– The local churches have taken on the responsibility to adopt the families/homeless and care for them, with the relief committee providing assistance where needed.
– There are thousands of people in various camps as well as in various church properties in the hill districts.
– The neighbouring state of Mizoram, with a strong Christian population, has been sending some help.
“The churches in the Northeast have been through a lot, and they know how to get on their knees and pray. I know this time, the intensity and damage run deep—and it will take a very long time to heal. However, I also know that the church will rise again. The NE tribes have been embracing Christianity since 1910, as opposed to the state religion, which has always been a pain point for the country. They tried to snuff us out, but the church grew exponentially instead, to their bewilderment. Complicating things further is that the Meiteis who have accepted Christ through the ministry of the local churches are also caught up in this, often persecuted by their own for “deserting the faith.” Some of their churches were also burnt.
Church leaders face the enormous challenge of rebuilding in the midst of trauma and displacement.
For now, it will be important to encourage our churches to continue to pray for them earnestly.” – Church leader in the region
Lalpi shared a song he had written previously, which feels especially applicable now for the people of Manipur as they face an unstable future.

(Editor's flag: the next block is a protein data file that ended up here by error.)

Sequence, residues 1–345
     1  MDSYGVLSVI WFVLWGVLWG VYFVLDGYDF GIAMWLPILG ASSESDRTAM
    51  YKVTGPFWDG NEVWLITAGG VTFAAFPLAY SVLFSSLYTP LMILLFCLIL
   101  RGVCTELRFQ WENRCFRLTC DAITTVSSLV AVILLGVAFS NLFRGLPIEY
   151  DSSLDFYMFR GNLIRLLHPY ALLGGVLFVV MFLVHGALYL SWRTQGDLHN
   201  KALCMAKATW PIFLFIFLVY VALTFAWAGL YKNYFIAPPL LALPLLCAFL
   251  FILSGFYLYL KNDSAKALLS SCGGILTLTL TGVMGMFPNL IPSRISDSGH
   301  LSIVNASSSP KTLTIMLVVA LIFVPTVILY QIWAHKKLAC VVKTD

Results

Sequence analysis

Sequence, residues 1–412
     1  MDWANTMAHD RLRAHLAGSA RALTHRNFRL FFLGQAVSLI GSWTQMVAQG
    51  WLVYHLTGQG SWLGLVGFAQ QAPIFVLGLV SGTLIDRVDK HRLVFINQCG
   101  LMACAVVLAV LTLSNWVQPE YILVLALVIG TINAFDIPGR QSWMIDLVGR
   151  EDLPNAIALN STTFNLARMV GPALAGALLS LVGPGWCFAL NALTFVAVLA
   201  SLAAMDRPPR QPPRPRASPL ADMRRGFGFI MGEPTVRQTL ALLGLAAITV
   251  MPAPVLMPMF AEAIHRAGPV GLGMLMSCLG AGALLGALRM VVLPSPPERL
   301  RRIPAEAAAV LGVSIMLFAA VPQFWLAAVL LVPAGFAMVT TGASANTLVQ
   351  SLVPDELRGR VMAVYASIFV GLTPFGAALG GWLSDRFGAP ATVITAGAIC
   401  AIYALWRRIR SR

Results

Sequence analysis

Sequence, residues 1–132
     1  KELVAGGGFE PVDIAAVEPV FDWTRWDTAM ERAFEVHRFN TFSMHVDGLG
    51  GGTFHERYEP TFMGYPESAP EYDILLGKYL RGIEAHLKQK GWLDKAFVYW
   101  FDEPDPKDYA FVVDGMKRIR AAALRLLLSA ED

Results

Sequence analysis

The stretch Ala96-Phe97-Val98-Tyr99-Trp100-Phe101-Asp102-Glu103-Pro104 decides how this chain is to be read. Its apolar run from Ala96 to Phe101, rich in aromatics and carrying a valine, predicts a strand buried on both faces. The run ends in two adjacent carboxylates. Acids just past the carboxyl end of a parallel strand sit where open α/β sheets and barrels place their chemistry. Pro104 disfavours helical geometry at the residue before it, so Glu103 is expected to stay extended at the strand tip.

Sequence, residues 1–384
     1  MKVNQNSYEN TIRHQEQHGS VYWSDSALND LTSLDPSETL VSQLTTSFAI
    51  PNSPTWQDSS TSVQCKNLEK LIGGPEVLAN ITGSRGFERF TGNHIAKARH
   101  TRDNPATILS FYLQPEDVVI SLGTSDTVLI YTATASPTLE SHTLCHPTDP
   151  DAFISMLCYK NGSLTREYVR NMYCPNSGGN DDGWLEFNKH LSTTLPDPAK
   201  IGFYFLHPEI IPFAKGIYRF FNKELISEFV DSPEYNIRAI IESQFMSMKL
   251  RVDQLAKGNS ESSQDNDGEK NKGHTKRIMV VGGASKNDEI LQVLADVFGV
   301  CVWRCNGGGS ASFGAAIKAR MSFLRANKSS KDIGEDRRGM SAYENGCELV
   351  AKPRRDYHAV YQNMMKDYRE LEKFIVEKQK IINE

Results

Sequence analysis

COUNT ON YOU Lalpi Guite
When I feel forsaken, when I feel forgotten
I can still count on You
When I am abandoned and I am broken
I can still count on You
You don’t break a bruised reed
Or snuff out a smoldering wick
You don’t repay my wrongs
But You clothe me in righteousness
Your mercy’s like the ocean that goes beyond my eyes can see
I worship You, Your Majesty
You’re all that I have when all else is gone
And I will count on You
You’re all that I want above any other
So I will count on You
Partner Spotlight: CBWC Foundation
The Generosity Project is Up and Running
Launched at Assembly 2023, the Generosity Project’s first initiative: a series of short, worship service-ready videos that are intended to foster healthy discussions on generosity in the CBWC family of churches.
The videos are around 3 minutes long and feature the following topics:
- Why should we give? Explores biblical reasons for giving.
- How should we give? Discusses attitudes and safeguards around giving.
- Where should we give? Navigating the huge array of possible ministries to fund.